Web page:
Well, the way I see it is you’re about to have the Affordable Health Care Act go into effect, and you’re going to need more physicians than we actually have in the country right now. And you’re not going to be flexible?
The administrators who are going to be flexible and who are going to offer job sharing are going to be the ones on the forefront. They’re going to be the ones hiring the best people. People will relocate for a better lifestyle.
The medical lifestyle is traditionally pretty stressful. Do you think working less makes a better doctor?
I think working less makes a happier doctor. And studies show it makes a more productive doctor.
The Atlantic recently ran a controversial article about women in the workforce that argued, “No, women can’t have it all.”
Can job sharing help women achieve work–life balance?
I think it can. MomMD, an online community, recently did a survey of women physicians, medical students and residents. Sixty percent said they would job share if given the opportunity. But the opportunities aren’t there.
Would this option be marketed to male doctors?
Absolutely. It’s as much in demand for men, too. Everybody wants a life. You should be able to have a family, a career and time for community service.
Did you become interested in job sharing when you became a parent?
I actually job shared before I had children, after my residency in Atlanta, because I wanted to travel. When I first brought the idea to my boss, she said, “Absolutely not.” But then this other person and I wrote a proposal and she said, “I guess you can try it and see how it works.” Now everyone in that office job shares.
What’s the nitty gritty of your research?
Because this grant was given by the AMA, I can use the AMA database. I initially was going to send out a checkbox survey, but then I decided that actual stories and comments from women about their personal situations would be better. Eighteen percent of women in medicine do job share, so there should be some out there who can give us some good feedback.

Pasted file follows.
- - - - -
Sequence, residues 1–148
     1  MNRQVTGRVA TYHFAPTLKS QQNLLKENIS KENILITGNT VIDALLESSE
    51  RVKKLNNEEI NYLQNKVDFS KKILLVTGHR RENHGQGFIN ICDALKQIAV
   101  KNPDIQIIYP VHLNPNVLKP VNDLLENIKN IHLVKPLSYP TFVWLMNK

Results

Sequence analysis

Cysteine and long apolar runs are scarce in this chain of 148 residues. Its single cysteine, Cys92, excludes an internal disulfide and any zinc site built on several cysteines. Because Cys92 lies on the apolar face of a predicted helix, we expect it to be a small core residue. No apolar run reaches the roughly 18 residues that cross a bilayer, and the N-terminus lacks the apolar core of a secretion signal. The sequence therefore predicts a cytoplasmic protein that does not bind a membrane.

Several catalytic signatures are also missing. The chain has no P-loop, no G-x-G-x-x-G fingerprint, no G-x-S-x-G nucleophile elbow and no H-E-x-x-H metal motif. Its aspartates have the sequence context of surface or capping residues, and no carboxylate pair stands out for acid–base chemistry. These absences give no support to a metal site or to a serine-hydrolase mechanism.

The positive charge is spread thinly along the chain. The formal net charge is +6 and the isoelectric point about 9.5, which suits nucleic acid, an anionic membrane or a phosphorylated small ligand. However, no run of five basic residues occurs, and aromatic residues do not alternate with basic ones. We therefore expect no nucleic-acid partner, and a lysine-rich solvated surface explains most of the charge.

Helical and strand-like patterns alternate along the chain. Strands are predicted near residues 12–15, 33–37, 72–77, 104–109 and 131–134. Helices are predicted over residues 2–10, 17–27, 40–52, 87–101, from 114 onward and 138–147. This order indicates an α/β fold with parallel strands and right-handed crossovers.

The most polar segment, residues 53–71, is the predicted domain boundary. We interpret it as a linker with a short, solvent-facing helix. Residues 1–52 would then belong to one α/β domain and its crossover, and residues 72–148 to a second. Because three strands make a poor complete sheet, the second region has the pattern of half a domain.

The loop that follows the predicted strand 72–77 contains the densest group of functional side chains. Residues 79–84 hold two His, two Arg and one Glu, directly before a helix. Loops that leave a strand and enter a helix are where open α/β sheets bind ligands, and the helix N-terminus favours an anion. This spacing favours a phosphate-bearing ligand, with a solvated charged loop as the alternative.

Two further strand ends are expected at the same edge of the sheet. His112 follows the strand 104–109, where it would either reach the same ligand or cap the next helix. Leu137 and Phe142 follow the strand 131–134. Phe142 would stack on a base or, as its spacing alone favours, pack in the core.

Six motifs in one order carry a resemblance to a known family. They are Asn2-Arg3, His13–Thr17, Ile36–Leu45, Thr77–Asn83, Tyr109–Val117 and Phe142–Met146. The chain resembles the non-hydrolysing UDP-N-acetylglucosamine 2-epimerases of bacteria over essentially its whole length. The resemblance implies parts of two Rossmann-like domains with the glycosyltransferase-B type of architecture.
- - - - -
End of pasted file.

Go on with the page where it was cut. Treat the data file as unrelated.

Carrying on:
When you’re trying to design something that you hope will pioneer a new way and get more people in the workforce, getting evidence of what people perceive as their barriers will help us forge ahead.
I also added in questions about salary. Not because I think it’s all that relevant, but I’m interested in determining if there’s any evidence that salary drives work for women, to see if women would take less money for increased flexibility.
So this grant is going to help identify the barriers and design a better system.
Yes. Before I applied for the grant, I looked online at all the big recruitment sites for physicians and looked for job shares. I got ZERO response. Even on MomMD, there would only be one, and it would be for a nephrologist or some other specialty.
But the data is out there: Women want to job share, they just don’t know how.
We’re encouraging girls to go into medicine and other science–based fields, but also to value work–life balance. This is about more opportunities for both.
Exactly. We have to think of ways to make this plausible and feasible.
I now work full–time, but my hours are flexible. My husband and I try to toggle the children, and we manage. We both had to cut back our hours and we work it out.
You make it work for your family. If other physicians felt like they had the freedom to that, they would.